Counter cultural culture
February 3rd, 2013

Despite many Japanese values for conservation, efficiency, etc., I sometimes have to question the cultural ideology and thought of how and why…

Japan has a culture that claims to not like to waste, known as 勿体ない, mottainai. For many cases this holds true and greatly differs from American culture: Japanese homes are not centrally heated as to save electricity; most Japanese homes air dry their laundry to also save electricity; bathrooms do not have towels and people use their own personal handkerchiefs to dry their hands; plastic, paper, and cans are recycled meticulously, with different recycling days for different types of trash; wasting food is frowned upon.

However, amidst all these savings and aversions from waste, there are also large amounts of unnecessary waste that seems a bit contradictory: although homes are not heated, toilet seats are always heated; Japanese homes may not use driers, but they do laundry more often [nearly everyday]; every purchase is meticulously wrapped in plastic or paper, placed in a bag, which is then neatly taped closed; Japanese don’t really care for keeping leftovers…they like everything made fresh.

It all just seems a bit contradictory; one seemingly-basic-amenity is sacrificed for…something that seems kind of excessive [I don't need the toilet seat to be toasty 24/7...and I love restaurant leftovers...]. As much as I like how purchases are wrapped, it really is unnecessary and it results in a lot of excess paper [and time at the register].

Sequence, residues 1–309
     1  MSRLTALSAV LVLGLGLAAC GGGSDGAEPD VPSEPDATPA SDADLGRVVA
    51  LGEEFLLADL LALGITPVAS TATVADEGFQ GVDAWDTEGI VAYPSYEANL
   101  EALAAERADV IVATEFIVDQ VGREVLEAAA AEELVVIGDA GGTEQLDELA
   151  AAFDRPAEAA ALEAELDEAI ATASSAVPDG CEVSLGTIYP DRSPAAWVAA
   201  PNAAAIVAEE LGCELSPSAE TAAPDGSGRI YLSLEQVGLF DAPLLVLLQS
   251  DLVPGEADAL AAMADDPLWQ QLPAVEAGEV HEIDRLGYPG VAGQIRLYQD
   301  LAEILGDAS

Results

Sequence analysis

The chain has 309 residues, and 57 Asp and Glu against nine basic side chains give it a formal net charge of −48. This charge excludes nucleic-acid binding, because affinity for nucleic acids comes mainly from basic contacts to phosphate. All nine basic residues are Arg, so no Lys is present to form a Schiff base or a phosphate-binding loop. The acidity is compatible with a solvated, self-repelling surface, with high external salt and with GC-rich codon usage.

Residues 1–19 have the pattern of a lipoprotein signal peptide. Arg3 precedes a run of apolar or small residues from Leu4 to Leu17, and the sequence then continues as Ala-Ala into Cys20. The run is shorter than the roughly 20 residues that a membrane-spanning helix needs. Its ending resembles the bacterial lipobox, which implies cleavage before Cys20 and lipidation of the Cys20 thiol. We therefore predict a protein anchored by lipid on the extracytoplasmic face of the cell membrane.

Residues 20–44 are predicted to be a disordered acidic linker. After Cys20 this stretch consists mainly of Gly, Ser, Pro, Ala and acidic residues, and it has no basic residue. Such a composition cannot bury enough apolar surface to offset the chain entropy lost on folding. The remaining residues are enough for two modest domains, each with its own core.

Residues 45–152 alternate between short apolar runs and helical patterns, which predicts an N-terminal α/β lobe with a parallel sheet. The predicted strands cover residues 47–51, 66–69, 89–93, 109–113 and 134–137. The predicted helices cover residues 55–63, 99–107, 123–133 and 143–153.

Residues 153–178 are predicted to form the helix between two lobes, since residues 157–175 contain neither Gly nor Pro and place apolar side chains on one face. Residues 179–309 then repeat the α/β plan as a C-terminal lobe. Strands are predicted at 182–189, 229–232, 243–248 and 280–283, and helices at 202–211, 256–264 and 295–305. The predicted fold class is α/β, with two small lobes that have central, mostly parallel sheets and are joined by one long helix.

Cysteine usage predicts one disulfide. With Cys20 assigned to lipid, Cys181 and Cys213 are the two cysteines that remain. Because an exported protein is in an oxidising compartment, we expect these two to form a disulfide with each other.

Another somewhat counter-intuitive aspect about Japan is that for a country that is a world leader in technological advancements, there is a bit of a shoot-and-miss. Maybe because things like house heating and wi-fi are pretty standard things in the US, I am surprised that those things are not the norm in Japan. There is wi-fi of course, but it isn’t as common as one might think. Outlets [at least at my university] are also a rare sight [ be fair, McDonalds and KFC here have outlets at every seat...]. Credit cards are also not used as much in Japan; many places don’t take card at all. When I think of Japan, I sometimes think of too much technology…toilets have upwards of five buttons, and my shower in my homestay has a control panal to alter the water temperature. It just seems like too much.

Although I have a few qualms about the Japanese way of doing things, it’s just a different culture, a different norm, a different standard, than what I am accustomed to.


A friend posted this and I thought it was highly appropriate [and more thorough than I am being here...>.>]

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A little bit of an intro...

This is my personal site to post some stuff – stuff that is so random I can’t really be any more specific. But if you care for photos of food, panoramas, my day, or just the thoughts that go on in my head, please stay!

I love to travel, bake, burn time on tumblr, read, cafe questing, and run around pretending to be a photographer. I also have a thing for Japanese, classical music, and food. Wherever I am and whatever I’m doing, I hope to do it with a smile, see new things, do everything, and just experience and take it all in.